Police suspect that Yosef bribed Bitan (Likud) by paying roughly a quarter of a million shekels to fund his daughter's wedding. By signing the plea bargain, he will be sentenced to a year-and-a-half and fined.
While he will not become a state witness against Bitan, his confession will incriminate Bitan in the ongoing corruption investigation. “We are in the advanced stages of closing the deal, a moment before the signing,” said a close associate of Yosef’s on Monday evening.
Yosef agreed to sign the bargain on Monday following an exhausting round of negotiations between investigators and his legal defense team.
Bitan heard about the dramatic developments in the case, also known as Case 1803, which were first exposed by Channel 2 news during a Knesset discussion on the Recommendations Bill.
“Bitan was in shock even though he was aware that such a scenario was possible,” said one of his associates. “But to hear that it did actually happen was very hard.”
Following the broadcast of the development, Bitan was seen during a Knesset buffet with his successor and Netanyahu loyalist MK David Amsalem bemoaning the fact that he had lost 9kg in weight since the beginning of the investigation.
Bitan’s attorney, Efraim Damari, said in response: “Despite the news we are continuing with our line that MK Bitan did not take a bribe. We will wait patiently until things are said by the police rather than the media.”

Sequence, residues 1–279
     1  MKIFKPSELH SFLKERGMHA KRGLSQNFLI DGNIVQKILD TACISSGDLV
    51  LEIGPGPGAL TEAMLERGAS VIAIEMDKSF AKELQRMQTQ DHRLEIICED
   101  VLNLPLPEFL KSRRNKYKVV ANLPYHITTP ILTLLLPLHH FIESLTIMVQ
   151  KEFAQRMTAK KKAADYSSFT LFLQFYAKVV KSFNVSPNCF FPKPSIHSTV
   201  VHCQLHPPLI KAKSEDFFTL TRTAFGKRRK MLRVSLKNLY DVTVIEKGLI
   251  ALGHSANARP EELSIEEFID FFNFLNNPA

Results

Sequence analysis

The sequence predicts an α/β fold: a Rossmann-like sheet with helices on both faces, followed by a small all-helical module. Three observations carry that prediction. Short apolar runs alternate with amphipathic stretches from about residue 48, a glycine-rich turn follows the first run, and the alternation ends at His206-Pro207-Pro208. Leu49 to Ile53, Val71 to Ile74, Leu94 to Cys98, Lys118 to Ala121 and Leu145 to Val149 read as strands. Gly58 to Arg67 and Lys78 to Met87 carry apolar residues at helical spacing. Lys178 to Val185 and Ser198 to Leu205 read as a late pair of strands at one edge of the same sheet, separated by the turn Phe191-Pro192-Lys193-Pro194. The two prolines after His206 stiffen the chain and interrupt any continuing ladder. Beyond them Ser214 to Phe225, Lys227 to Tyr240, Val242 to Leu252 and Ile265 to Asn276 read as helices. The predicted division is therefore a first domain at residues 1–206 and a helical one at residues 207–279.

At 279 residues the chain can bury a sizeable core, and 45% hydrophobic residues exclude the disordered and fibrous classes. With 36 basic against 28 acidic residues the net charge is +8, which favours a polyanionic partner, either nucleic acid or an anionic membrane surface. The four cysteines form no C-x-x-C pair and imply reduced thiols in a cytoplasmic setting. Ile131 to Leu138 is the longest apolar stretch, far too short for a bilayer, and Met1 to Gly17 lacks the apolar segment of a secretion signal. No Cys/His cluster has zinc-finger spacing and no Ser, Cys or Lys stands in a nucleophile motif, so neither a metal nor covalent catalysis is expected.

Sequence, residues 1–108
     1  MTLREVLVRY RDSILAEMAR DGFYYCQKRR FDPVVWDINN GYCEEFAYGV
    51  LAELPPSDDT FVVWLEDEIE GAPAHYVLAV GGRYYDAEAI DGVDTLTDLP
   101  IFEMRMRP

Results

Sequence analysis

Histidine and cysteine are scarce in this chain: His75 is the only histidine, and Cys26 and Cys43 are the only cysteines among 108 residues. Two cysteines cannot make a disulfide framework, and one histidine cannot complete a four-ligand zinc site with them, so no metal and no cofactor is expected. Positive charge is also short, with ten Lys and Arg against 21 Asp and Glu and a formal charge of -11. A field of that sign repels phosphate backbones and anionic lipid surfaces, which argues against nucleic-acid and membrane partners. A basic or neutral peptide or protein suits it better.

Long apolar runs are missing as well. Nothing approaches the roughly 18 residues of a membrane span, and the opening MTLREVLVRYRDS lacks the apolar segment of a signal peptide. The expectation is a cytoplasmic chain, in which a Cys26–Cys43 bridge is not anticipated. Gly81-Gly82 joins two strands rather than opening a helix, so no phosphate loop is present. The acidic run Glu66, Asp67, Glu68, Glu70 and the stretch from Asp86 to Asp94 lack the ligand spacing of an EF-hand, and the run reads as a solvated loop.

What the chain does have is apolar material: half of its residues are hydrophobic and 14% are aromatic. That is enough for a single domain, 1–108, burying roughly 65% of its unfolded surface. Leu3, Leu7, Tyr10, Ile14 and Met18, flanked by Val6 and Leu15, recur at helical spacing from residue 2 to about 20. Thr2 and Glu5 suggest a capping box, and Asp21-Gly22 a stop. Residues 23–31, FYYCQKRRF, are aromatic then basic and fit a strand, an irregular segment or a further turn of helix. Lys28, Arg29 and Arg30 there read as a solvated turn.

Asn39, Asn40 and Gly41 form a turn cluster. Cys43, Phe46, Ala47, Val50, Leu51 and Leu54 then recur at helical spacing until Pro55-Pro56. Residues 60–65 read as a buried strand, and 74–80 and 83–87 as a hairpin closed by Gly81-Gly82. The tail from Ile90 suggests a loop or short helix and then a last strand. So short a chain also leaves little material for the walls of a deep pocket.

Bitan is expected to be summoned for another round of questioning at the police's Lahav 433 anti-corruption unit in Lod where investigators will present him with a formal agreement of Yosef’s plea deal in a bid to pressure him into deviating from his claim to which his has adamantly stuck throughout that “I did not take a bribe.”
“Despite the news broadcast, we believe everything will be ok,” said a close associate of Bitan’s.
Yosef was convinced to put his pen to the agreement after witnessing the investigators go through every single receipt in his furniture shop corroborating the allegations leveled against him, and realized that his prison sentence would also be accompanied by his total financial demise.
Fearing that the income tax he owed “would leave him and his family without a single shekel in light of the illicit capital he had accumulated and the potential confiscation of finances and property,” Yosef chose the bargain, explained a source close to the investigation.
Yosef, who earned the nickname “David Bitan’s banker,” is expected to confess to coordinating dozens of bribery cases between Bitan and contractors and businessmen. According to the suspicion, he received the bribe money and passed it on to Bitan, kerping a little for himself.
The investigators believe that the industry of bribes that Bitan had created began ten years ago when he became too deeply involved in loans on the black market, and continued all the way into the months just before he entered the Knesset.
Beyond incriminating Bitan in Yosef's confession, the prison sentence imposed on him will also determine the precedent for other cases, which is expected to be even more severe.